IPR and Copyright are topics that send normally a shiver down any information professional's spine but Laurence started off his presentation by giving a very clear overview of the range of Intellectual Property Rights; from Patents, through to Confidential Information. He went on to highlight some of the issues around e-prints and open access, such as:
While he suggested that copyright is generally at the root of the issue with e-prints, there is also the concept of Database Right to take into consideration, which is a view of the e-prints collection as a database. Database right can normally be asserted if it can be shown that "substantial investment" had been involved in obtaining, verifying or presenting the contents of the database. Typically database right would rest with the institution and it would need to consider the longer-term implications of maintaining this.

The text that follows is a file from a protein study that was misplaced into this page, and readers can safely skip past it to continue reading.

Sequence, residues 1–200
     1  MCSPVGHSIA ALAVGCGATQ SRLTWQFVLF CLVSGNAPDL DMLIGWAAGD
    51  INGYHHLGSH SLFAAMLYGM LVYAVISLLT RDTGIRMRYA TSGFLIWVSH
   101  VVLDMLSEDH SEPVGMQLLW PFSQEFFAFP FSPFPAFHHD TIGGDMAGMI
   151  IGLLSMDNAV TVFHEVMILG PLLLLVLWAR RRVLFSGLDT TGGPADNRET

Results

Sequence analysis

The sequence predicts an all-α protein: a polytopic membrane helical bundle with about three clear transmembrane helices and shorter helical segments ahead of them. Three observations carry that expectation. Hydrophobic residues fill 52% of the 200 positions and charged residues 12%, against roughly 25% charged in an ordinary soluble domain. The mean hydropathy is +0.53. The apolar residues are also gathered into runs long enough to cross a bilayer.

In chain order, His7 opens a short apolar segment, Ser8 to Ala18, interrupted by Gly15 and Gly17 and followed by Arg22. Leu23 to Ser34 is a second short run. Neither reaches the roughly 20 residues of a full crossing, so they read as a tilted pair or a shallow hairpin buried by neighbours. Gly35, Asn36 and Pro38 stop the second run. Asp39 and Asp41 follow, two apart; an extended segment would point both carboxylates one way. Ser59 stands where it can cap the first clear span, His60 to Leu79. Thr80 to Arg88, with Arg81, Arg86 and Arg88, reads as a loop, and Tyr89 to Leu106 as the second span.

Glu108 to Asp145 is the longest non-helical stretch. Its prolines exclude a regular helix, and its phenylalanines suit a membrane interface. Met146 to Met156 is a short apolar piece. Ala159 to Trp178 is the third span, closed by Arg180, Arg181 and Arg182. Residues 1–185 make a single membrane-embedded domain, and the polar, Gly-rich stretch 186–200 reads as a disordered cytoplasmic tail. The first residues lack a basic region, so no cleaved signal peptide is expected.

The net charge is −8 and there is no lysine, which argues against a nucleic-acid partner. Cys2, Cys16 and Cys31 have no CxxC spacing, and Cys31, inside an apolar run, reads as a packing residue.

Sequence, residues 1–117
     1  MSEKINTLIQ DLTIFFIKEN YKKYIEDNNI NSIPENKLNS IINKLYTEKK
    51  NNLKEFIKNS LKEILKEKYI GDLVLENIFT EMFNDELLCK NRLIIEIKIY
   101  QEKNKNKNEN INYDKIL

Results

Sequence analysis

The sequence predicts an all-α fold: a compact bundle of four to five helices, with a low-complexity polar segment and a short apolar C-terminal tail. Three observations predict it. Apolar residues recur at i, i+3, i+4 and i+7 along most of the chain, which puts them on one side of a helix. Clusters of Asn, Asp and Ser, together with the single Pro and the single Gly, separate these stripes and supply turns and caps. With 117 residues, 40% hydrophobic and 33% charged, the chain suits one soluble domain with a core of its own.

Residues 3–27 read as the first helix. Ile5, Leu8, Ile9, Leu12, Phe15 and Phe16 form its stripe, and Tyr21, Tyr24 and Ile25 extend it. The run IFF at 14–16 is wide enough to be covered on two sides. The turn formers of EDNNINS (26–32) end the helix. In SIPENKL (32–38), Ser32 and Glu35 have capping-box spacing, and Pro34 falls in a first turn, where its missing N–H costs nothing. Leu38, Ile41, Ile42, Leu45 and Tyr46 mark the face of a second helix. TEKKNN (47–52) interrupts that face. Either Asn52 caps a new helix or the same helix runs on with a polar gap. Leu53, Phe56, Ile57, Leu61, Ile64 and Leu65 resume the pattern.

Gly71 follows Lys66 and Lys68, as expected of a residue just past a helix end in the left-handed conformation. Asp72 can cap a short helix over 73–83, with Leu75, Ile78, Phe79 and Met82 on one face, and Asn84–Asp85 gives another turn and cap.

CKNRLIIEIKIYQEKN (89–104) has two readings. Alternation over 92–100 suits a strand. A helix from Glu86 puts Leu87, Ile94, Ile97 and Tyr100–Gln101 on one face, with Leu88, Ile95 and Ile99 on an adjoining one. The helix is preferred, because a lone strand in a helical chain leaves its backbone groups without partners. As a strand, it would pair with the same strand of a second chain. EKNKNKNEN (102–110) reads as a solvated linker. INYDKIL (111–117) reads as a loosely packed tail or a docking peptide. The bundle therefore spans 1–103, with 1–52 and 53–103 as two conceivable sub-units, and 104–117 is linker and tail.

Laurence also highlighted some issues and risks around decentralised publishing such as plagiarism, defamation, errors, etc and illustrated this with an example of a recent case of plagiarism being spotted in a number of papers that had been submitted to the Physics preprint server ArXiv. The result was that 22 of the papers were withdrawn with the threat of a possible lawsuit for defamation.
The workshop finished with a Question and Answer panel session involving all of the day's speakers. The questions ranged from queries about database rights to the possibilities of building links between Open Archives and established full-text databases using OpenURLs.
The feedback from the workshop was very positive and some of the actions that participants suggested that they would be taking as a result of the workshop included: